There're 2 WOLSELEY car owner's manuals PDF, spare parts catalog.
At the end of the 19th century, Wolseley was the largest manufacturer of sheep clippers in Britain.
In 1901, its director Herbert Austin found use for his passion for self-propelled carriages and, with the support of the Vickers arms concern, began to produce cars.
After his dismissal, Wolseley merged with Siddeley and by the beginning of the WW1 became the leader in the field of automobile and engine building.
As a result of the post-war crisis, in 1927 it became the property of William Morris.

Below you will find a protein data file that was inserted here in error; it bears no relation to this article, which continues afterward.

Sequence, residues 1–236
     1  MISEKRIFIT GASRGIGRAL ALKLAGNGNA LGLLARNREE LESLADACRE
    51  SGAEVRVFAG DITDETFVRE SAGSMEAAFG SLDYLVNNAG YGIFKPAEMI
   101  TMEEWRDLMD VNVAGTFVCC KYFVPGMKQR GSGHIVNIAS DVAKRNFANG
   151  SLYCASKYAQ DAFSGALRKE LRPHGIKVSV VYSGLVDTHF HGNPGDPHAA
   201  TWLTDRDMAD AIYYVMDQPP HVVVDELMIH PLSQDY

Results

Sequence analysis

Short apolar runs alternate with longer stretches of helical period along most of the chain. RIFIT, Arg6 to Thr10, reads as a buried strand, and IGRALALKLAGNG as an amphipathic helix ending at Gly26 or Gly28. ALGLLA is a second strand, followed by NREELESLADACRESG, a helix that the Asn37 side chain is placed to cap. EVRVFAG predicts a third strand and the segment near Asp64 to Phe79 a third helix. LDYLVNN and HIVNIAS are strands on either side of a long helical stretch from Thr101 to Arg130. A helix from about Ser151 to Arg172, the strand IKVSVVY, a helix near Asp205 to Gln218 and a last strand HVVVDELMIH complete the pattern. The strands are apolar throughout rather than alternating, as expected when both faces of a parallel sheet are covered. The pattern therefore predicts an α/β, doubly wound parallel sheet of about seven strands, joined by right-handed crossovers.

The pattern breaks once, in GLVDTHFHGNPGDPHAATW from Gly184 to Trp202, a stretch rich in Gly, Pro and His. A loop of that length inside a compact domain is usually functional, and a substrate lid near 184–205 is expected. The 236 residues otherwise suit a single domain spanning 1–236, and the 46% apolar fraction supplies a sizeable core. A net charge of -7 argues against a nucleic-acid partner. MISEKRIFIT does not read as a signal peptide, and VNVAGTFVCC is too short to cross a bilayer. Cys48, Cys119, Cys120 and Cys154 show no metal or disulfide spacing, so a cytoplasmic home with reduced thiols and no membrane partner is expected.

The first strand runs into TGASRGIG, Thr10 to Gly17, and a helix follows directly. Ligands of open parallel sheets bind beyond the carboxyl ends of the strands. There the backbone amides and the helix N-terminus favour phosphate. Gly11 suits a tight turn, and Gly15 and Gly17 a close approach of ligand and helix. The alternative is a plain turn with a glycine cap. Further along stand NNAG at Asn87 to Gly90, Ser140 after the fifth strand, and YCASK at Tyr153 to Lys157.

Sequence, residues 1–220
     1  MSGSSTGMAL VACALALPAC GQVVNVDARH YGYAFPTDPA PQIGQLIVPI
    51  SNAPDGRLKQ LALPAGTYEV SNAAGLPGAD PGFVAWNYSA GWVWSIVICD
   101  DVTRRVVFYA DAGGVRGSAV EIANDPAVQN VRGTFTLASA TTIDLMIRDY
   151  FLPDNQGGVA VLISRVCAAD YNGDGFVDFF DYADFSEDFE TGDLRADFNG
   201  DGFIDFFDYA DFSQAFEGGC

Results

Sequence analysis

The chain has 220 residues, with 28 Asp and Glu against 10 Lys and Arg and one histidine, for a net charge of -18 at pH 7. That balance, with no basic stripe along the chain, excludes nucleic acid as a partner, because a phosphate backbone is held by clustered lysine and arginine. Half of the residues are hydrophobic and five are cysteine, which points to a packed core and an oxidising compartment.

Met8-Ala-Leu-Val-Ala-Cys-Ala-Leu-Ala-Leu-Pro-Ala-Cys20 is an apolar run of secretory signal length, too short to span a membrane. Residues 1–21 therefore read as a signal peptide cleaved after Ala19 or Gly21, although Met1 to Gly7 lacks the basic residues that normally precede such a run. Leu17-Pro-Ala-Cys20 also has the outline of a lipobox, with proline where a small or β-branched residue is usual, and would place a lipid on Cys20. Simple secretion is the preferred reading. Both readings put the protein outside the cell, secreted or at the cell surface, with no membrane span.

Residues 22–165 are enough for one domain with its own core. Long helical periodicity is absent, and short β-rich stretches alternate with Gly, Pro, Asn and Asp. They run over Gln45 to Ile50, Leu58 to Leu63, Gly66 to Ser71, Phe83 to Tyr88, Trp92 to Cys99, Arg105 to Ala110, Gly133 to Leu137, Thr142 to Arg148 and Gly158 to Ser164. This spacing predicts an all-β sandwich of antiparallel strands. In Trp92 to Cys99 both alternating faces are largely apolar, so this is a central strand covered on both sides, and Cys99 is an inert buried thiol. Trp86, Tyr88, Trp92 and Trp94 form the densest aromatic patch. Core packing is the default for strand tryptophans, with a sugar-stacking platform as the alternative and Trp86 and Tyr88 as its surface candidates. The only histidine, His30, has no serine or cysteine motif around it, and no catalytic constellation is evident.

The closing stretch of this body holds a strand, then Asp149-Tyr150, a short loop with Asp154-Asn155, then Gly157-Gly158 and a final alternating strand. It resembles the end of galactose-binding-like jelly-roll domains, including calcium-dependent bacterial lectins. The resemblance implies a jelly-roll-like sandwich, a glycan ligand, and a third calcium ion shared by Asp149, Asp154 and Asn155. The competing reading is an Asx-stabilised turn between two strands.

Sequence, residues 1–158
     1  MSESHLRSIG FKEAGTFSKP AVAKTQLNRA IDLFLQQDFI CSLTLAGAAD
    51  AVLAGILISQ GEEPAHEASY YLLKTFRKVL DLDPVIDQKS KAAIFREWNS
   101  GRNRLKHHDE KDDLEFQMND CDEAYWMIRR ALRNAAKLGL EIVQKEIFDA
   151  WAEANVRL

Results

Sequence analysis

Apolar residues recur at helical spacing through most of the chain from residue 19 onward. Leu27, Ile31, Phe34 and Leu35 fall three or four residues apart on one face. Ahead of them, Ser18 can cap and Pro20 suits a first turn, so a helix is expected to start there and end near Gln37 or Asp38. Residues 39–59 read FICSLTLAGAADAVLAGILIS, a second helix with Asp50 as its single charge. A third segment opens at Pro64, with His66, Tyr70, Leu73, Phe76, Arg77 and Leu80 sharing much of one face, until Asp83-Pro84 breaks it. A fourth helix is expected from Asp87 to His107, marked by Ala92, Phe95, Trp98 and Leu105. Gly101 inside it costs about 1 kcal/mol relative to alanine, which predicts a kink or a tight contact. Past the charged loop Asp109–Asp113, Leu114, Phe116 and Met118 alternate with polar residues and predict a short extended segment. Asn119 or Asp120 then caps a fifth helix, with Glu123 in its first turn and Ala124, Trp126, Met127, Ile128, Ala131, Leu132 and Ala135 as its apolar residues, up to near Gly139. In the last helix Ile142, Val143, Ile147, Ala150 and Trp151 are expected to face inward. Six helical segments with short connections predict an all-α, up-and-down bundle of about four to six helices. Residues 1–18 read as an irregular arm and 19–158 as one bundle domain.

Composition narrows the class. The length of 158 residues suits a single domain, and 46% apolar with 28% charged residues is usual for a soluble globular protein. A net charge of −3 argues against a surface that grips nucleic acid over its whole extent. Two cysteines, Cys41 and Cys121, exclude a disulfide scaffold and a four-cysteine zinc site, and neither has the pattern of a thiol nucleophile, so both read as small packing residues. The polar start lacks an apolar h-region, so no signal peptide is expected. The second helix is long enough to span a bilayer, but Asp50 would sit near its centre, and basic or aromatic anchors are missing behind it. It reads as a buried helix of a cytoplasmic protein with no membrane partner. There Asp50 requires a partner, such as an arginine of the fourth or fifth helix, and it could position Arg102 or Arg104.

Since the mid 30s. Wolseley models began to duplicate products of other brands: first MG and Riley, and after its entry into the BMC corporation (1952) - Austin, Morris and Vanden Plas cars.
The only original detail on all Wolseleys was the vertical grille with the glow-in-the-dark badge.
When the number of doubles reached a critical level, in 1969 the management of British Leyland decided to get rid of unnecessary brands, among which was Wolseley.
BMC and Leyland merge to form British Leyland. This event predetermined the fate of the Wolseley and Riley brands: in 1969 it was decided to liquidate them.
In 1967-1975. 60800 units were produced. front-wheel drive model Wolseley 18/85 (Six) - a twin of Austin 1800/2200 on the ADO17 platform.
Wolseley's last car was the 18/22 wedge-shaped sedan, which was released in 1975 and after selling 3,800 units. renamed Princess 2200.